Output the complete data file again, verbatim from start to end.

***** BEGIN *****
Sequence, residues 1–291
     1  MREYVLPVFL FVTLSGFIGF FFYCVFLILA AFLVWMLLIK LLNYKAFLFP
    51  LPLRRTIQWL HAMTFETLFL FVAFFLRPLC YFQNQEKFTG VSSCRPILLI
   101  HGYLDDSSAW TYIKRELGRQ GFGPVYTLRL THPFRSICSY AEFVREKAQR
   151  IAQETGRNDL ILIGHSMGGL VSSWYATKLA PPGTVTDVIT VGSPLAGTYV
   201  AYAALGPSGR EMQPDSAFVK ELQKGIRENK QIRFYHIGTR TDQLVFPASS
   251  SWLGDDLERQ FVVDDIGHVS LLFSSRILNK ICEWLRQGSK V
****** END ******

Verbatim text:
Sequence, residues 1–291
     1  MREYVLPVFL FVTLSGFIGF FFYCVFLILA AFLVWMLLIK LLNYKAFLFP
    51  LPLRRTIQWL HAMTFETLFL FVAFFLRPLC YFQNQEKFTG VSSCRPILLI
   101  HGYLDDSSAW TYIKRELGRQ GFGPVYTLRL THPFRSICSY AEFVREKAQR
   151  IAQETGRNDL ILIGHSMGGL VSSWYATKLA PPGTVTDVIT VGSPLAGTYV
   201  AYAALGPSGR EMQPDSAFVK ELQKGIRENK QIRFYHIGTR TDQLVFPASS
   251  SWLGDDLERQ FVVDDIGHVS LLFSSRILNK ICEWLRQGSK V